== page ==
A particular verb phrase has puzzled me for a few days. What is the precise meaning of:

To look out over something

I could provide example sentences, but based on my previous experiences, I would prefer not to so as to avoid misleading you.


2 Answers 2


Not every verb+preposition collocation is an idiom. This one is not—its meaning is literal and 'compositional', derivable from the meanings of the individual parts:

  • look is the ordinary intransitive verb, to cast your sight in a particular direction.

  • out is the ordinary intransitive preposition, as in go out or throw out. Its basic sense is approximately "beyond the boundary within which one is enclosed", but it need not imply a literal enclosure; here it it indicates that you are looking beyond your immediate viewpoint.

  • over is the ordinary transitive preposition. It acts as the head of a preposition phrase designating the 'path' traversed by your sight—for instance, over the countryside beneath, over the crowd.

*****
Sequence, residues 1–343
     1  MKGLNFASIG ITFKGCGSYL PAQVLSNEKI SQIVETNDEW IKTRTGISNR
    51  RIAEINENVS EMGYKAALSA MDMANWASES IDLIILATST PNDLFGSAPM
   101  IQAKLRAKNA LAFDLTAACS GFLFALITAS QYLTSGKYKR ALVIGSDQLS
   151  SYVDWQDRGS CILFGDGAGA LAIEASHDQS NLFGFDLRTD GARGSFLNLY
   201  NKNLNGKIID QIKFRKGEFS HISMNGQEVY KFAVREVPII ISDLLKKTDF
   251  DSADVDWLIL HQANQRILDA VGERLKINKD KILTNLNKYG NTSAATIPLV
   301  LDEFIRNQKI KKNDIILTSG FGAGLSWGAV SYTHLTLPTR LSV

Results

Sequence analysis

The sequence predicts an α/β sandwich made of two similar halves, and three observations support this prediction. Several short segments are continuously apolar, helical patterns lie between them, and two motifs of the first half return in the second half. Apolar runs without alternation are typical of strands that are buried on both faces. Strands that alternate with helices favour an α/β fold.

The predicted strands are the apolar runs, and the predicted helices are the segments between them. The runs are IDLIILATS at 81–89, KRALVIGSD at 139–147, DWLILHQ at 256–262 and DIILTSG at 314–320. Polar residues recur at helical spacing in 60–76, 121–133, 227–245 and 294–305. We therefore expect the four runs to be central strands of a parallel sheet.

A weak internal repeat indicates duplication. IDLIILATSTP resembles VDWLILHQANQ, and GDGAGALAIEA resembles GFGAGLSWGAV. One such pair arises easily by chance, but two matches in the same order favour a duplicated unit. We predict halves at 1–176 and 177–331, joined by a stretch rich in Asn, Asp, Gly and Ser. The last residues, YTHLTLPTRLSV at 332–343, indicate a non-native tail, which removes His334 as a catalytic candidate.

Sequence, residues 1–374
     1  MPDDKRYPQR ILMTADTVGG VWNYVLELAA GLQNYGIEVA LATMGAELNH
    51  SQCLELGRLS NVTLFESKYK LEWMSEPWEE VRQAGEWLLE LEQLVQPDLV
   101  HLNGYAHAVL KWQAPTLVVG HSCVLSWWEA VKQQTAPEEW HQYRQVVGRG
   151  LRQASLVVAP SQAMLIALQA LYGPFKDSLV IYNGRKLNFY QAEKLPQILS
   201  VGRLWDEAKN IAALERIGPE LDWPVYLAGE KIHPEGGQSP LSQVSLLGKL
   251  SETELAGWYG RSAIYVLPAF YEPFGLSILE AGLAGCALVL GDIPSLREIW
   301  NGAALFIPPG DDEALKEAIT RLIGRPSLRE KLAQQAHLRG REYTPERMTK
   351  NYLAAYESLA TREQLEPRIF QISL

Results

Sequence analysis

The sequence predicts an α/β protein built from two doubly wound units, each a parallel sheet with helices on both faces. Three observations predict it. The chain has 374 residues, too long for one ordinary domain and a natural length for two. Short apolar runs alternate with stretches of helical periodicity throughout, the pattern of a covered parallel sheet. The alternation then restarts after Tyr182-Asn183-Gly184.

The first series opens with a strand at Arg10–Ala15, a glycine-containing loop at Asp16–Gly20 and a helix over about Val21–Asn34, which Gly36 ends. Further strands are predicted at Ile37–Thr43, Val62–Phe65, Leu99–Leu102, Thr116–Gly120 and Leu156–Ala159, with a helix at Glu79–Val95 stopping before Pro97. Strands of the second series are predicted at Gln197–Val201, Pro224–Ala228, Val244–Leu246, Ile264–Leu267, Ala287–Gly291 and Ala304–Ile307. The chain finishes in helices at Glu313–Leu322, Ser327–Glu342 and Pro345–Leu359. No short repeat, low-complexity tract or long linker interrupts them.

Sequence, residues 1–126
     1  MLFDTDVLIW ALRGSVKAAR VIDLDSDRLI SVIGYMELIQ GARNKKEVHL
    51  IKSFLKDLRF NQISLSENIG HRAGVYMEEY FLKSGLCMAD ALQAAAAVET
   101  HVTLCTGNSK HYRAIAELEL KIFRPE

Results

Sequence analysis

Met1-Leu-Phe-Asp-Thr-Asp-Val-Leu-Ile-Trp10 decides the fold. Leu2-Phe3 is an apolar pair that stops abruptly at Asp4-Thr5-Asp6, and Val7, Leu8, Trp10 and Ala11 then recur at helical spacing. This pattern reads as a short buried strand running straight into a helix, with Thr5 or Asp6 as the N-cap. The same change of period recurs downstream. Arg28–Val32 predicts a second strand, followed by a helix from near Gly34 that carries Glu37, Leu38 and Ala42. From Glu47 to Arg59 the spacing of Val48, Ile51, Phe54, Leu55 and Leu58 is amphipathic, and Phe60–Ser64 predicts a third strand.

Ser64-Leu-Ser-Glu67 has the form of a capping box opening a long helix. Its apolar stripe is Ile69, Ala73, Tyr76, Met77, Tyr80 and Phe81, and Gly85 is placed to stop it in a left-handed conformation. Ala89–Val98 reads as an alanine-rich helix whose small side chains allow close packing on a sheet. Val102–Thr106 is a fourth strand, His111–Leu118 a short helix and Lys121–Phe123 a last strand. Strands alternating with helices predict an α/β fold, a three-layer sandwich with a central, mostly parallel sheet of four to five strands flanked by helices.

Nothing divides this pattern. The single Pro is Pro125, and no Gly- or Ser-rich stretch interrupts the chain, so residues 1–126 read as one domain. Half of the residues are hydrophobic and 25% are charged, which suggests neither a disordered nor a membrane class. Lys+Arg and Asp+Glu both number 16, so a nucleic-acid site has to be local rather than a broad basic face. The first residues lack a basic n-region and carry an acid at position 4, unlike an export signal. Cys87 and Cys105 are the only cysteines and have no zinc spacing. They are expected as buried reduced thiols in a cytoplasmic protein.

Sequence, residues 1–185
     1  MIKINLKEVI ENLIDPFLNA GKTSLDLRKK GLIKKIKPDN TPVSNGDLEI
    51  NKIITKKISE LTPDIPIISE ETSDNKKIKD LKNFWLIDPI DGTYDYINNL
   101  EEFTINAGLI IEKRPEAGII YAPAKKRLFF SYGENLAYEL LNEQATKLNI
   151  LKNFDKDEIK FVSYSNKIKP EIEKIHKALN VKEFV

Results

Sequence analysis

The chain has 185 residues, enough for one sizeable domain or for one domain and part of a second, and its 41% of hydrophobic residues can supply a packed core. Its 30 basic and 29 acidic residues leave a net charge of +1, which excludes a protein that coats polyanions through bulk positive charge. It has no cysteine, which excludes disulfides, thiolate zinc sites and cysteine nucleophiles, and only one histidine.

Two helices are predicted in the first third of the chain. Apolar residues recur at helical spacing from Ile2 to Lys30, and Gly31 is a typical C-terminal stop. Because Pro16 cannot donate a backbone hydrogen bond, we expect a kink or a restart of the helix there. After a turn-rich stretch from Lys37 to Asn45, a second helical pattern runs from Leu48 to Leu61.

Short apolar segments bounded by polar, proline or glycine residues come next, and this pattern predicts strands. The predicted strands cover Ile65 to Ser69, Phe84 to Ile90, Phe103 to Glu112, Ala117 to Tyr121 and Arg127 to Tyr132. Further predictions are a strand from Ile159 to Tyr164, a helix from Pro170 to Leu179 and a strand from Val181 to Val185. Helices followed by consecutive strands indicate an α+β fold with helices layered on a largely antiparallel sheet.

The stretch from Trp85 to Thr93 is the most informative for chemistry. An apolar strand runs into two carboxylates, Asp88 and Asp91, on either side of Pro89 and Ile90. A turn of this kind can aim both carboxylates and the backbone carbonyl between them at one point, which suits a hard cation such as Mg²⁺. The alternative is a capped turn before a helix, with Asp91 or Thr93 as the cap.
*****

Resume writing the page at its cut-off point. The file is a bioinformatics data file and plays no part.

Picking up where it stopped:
Out and over together imply that you are looking from an elevated position which allows your sight to travel a fair distance above the terrain or features which surround you.


If you are standing on a mountain top, you can look out over the valley below. If you are in a bell-tower, you can look out over the town square. It means to see something (an area of some kind, an expanse, or something occupying it) from a vantage point which allows you to see the thing in its entirety.

If you are standing, you can look out over your garden. You could not look out over your garden if you were lying prone on your belly. If you are snorkeling in the ocean, with your eyes at the level of the water, you cannot look out over the waves.

From atop his horse, the rancher looked out over his herd of cattle.

She looked out over the neat rows of her vegetable garden.

The sea-captain looked out over the rolling waves from the poop-deck.


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